Animals were deified because they reside in the prima materia, the five elements, the unattainable, the unmasterable by man or woman. We never mastered the oceans without help, nor without aid flew the heavens, nor without a bore drove into the earth. So, in fact, we admired our industrious co-habitants.
Over the millennia, in our fascination for them, we have deified, mastered, tamed, disciplined, traded, studied and killed what we have worshipped. We worshipped animals not only for their food and protection, but the companionship they provided us through our long journeys of discoveries as shepherds and herders. They have delighted us in reminding us of play, mirth and freedom.
We believe that we invent symbols. The truth is that they invent us; we are their creatures, shaped by their hard, defining edges ~ Gene Wolfe
In the ancient mystics’ lore man’s body was revered as the miniature of the macrocosm – as can be seen in the Masonic symbols of the emblematic hand mysteries, for example. As such symbols of the inner and the outer universe took on meanings of comparison deeper than man itself, all within the windows given us for what we could perceive then, with the tools we had then.
The theory emerged that every living creature manifested some aspect of the intelligence of what was then called “the eternal one who can never be known, save through the study of his numbered but inconceivable parts.” (Manly P. Hall). In other words, every creation became the face of our highest selves, and every animal an expression of the will of a mystery, a life, or power with us.
If you are a Jungian Theorist you too will appreciate the depth of symbolic richness our minds need acknowledge in animal symbols. Also, they had interesting emblemized and political meanings.
Starting with fish and cold blooded creatures: the fish have a deep Christian origin, also because it comes from the water of life, the feminine principle, and has thus has always been seen as primal emergence. But long before the scriptures, ancient peoples knew that the seas and the skies were inhabited by more than just the form of man and began putting them together to understand the different forms of man’s consciousness. There are much deeper stories that are wound around these intricate creatures – some well worth a study. This can be seen in the Egyptian (Anubis, Man, head of Jackal ), Greek (Centaur, the half man half horse) and Persian Mysteries (Homa, or Griffin ).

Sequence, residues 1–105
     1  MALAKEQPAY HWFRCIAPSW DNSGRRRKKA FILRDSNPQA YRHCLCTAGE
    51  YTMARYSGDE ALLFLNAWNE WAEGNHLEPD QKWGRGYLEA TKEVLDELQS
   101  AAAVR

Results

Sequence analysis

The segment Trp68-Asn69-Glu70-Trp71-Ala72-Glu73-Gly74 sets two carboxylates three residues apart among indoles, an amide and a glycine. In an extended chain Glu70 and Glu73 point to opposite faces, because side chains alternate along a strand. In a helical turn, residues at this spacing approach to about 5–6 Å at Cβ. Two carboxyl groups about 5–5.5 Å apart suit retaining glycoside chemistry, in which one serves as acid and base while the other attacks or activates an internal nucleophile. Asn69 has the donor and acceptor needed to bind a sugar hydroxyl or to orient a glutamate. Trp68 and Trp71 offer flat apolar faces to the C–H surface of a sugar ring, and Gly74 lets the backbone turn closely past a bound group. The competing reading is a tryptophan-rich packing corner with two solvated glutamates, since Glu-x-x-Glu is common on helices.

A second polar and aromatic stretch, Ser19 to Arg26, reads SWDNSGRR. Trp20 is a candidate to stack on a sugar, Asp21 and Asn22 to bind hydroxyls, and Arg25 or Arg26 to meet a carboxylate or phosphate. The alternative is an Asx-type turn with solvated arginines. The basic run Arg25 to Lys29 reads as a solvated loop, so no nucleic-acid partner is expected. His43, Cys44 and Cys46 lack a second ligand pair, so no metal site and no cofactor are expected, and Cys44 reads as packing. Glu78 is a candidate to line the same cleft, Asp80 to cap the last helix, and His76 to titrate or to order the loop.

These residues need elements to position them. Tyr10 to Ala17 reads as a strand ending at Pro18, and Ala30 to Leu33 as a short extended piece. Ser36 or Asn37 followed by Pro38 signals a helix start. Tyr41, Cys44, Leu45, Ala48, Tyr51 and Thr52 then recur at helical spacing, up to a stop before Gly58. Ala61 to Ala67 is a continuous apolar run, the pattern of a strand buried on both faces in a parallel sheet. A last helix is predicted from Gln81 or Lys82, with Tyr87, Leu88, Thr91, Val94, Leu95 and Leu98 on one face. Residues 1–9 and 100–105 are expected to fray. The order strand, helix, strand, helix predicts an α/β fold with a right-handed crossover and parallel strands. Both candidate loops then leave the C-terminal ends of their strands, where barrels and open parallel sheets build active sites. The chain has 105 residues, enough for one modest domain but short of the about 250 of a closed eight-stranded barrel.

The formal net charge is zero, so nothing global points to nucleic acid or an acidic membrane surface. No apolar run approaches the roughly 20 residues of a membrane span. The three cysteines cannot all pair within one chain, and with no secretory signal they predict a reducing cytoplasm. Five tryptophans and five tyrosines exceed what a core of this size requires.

For the animal shall not be measured by man. In a world older and more complete than ours, they are more finished and complete, gifted with extensions of the senses we have lost or never attained, living by voices we shall never hear ~ Henry Beston
Much later, this emerged again, for example in the west in 1609 in Henry Khunrath’s highly contentious mystical and scientific writings the Ambphitheathrum Sapientiae Eeternae was published, and in it was a plate that discussed the bigotry and the attacks being leveled against the Hermetic sciences at the time. So Khunrath drew up a table of all the composite beasts in contempt of his slanderers. He names each slanderer as a beast, and it became a political discourse, giving each character a different part of an animal.
Insects were seen as inhabitants of both worlds, often able to transcend nature and able to converse with demons, with their little human-like bodies. Later in the 19th century they were even changed into what we have come to know as the most beautiful the most comforting of mythical creatures, Faeries.
Insects were very important emissaries, such as the Scarab, who was the Emissary of the Sun. A little dung beetle, it has the wings of brilliant rainbow in the sun’s rays and on the ground, as it rolls its dung backwards, turns back time. A scorpion stings with its tail, thus called a “back biter”, but were also seen as Guardians of Ra (the Sun). Of course the orb, the sun itself, was also no master of the animal kingdom, being also chased by the Serpent Apep. This fantastic story is that of the Sun and the Moon, seen through the Egyptian mythos. Apep is a Serpent who wants to slay the Sun, Ra. Ra is being devoured every night. Interestingly, Ra can in some forms of Egyptian art take on the form of a cat and bring back the day, and slay Apep in that form. And Ra’s protectors, watch for Ra to help illuminate yet another day.
Serpents though were also seen as regenerative, healing, and infinite, and was also delivered infinite knowledge, offering wisdom through temptation, not evil through knowledge, as often has been thought, which can be seen in the symbol of Asclepius.
The turtle is seen as longevity and many other creatures have a wealth of symbolism and protection to offer as I shall be discussing throughout the next few essays.
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